A reckless dismissal of expectations shrieks through the music and art of Austin's Tim Kerr.

Beginning with the Big Boys—a band generally tossed into the lumpen mass of early-'80s hardcore—and into his increasingly skronky garage bands of the following decade, Kerr's guitar was inevitably able to summon the thrum of punk and the voodoo of funk. By the time he linked up with Mudhoney's Mark Arm and Steve Turner in the Monkeywrench, Kerr hadn't quite yet internalized the lessons of free jazz, but it was coming.

"Self-expression isn't about rules and uniforms," he says. "You're supposed to do whatever you can think of."

Releasing its first disc, 1992's Clean as a Broke-Dick Dog, on Sub Pop, the Monkeywrench turned in a batch of slight updates on garage rock's initial era. But when the band reconvened at the turn of the millennium, blues references found themselves slotted into a heavier palette.

"The second and third records [are] kind of all of us putting ideas together, as opposed to me just having a bunch of stuff," Kerr says, explaining that the troupe's first album was basically a third disc of material from another blues-punk outlet he steered during the '80s, Poison 13. "By the time Monkeywrench got back together, I was coming from a completely different place—feedback all over the place. We would finish a song when we were recording, and all of them would be like, 'I don't remember you being this noisy.'"

Kerr's widening appreciation of sound led to his seeing noisy, disruptive acts and their perpetrators as worthy of lionization—not through homage on guitar, but in portraits. For more than a decade, he has painted images of his music-world heroes, as well as figures like Rosa Parks and Jim Thorpe. There's a Basquiat feel to it all, something that approaches abstraction but pulls back at the precise moment it needs to—the same as Kerr's guitar-playing.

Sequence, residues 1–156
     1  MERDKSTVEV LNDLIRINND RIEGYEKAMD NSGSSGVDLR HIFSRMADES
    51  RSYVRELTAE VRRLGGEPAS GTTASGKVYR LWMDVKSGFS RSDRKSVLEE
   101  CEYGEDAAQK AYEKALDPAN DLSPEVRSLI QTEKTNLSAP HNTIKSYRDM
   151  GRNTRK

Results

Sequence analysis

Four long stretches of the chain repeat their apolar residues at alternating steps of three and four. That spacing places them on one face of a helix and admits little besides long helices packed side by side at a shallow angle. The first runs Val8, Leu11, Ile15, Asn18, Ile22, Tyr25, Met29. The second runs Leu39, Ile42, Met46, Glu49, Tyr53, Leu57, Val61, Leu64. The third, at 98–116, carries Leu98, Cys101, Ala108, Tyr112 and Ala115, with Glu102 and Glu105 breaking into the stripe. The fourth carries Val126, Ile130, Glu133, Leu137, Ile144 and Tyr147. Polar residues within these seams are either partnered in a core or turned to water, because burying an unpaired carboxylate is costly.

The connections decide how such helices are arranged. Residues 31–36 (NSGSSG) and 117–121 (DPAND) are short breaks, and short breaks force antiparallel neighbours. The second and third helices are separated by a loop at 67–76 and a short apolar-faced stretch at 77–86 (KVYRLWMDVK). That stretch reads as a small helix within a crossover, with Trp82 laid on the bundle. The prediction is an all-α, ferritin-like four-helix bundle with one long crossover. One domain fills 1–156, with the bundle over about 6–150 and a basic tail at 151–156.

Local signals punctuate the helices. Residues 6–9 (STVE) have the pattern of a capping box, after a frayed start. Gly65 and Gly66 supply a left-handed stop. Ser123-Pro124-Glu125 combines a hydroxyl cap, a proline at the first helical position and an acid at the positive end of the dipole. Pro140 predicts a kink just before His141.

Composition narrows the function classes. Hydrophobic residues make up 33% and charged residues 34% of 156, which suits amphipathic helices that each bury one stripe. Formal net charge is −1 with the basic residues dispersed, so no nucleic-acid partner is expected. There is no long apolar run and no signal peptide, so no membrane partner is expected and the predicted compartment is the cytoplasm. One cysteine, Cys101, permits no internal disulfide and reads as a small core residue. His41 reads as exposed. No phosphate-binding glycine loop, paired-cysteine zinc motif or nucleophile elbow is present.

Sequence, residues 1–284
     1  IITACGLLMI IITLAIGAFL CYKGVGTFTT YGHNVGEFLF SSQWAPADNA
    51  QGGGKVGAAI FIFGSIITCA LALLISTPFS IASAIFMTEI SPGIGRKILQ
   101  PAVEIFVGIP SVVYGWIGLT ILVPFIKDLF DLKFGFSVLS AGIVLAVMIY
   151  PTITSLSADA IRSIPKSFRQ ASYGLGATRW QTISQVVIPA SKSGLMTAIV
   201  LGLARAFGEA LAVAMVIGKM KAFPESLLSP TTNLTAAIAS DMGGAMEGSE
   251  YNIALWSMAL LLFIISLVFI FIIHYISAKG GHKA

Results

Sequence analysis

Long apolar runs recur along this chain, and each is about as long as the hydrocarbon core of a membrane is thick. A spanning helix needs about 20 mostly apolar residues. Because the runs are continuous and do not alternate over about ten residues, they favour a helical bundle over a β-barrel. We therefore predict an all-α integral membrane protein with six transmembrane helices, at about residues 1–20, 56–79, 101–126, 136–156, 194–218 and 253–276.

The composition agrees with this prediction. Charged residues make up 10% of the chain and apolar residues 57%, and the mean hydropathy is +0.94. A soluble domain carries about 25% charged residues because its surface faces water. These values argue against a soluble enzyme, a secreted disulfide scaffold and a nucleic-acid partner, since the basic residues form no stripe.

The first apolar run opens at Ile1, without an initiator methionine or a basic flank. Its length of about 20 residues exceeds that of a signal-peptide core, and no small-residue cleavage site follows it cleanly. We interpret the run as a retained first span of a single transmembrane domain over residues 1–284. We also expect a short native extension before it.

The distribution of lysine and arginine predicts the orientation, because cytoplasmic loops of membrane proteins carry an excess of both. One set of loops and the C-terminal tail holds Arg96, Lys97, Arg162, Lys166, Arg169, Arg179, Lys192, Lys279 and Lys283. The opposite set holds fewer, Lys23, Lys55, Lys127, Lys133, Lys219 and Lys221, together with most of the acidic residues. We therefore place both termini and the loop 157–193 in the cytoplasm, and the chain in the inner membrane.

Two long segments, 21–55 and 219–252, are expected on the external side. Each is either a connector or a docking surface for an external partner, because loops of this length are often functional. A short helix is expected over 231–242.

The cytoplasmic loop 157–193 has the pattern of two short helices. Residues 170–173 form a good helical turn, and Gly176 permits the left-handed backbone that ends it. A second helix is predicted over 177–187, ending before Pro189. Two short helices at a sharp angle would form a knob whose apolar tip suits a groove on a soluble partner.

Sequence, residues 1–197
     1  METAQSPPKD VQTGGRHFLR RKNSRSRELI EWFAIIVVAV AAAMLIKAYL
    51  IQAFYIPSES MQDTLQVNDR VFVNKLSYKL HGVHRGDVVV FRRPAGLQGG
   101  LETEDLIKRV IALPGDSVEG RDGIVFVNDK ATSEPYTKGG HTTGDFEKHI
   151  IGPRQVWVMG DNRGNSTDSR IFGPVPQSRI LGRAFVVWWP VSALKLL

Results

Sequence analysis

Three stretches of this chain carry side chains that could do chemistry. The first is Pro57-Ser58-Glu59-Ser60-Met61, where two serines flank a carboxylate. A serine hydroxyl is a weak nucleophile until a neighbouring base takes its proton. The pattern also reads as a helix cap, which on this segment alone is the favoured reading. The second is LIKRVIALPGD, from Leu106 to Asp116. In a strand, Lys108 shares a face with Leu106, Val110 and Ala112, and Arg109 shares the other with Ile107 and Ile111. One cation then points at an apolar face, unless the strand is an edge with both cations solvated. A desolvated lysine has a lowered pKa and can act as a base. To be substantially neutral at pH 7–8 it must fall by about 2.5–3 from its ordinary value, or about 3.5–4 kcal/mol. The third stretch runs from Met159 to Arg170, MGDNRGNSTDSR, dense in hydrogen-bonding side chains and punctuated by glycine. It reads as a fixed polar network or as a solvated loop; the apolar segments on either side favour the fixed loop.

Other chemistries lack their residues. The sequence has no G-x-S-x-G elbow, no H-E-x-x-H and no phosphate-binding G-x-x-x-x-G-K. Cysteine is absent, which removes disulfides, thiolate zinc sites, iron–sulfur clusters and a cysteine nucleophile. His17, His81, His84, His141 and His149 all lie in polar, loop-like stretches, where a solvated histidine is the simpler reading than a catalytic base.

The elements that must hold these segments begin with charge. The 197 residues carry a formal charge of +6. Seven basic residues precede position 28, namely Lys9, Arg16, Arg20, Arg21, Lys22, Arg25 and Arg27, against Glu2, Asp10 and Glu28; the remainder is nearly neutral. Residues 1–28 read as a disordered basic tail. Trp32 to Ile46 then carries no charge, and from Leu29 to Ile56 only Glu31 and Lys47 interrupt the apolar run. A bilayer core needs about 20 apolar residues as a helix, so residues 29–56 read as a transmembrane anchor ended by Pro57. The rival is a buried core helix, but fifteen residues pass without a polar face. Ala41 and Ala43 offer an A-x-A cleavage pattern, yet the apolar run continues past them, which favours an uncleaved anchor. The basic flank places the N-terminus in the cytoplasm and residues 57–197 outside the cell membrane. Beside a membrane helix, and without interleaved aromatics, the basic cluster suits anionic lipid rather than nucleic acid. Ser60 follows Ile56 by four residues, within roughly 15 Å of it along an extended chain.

The art of Tim Kerr
The art of Tim Kerr

"I want to hopefully show people that all of this stuff comes from the same DIY thing," he says about portraits being shown at Portland's Also Known As gallery beginning Oct. 1. "Something needed to be done at that moment in time, and that person addressed it. They didn't do it to be famous."

Neither did Kerr, who, it should be noted, had nothing to do with the defunct Portland record label Tim/Kerr that flourished in the '90s. But while in the Big Boys, the guitarist did help expand what people perceived to be hardcore. And while the Monkeywrench probably won't do the same for punk, garage and blues, Kerr has continued to find himself in rarefied company, whether playing alongside Mark Arm or late Big Boys frontman Randy "Biscuit" Turner.

"You had no clue what was going to happen when he walked up on that stage," Kerr says of Turner. "He'd wake up on Saturday and get dressed up in some way you couldn't even think up and walk around the neighborhood, just to do it. He was literally a walking art piece, total Dada. Mark's visual in his own way, but he's not coming out draped in Christmas lights."

SEE IT: The Monkeywrench plays the Star Theater, 13 NW 6th Ave., with Audios Amigos and DRC3, on Friday, Sept. 23. 9 pm. $10. 21+.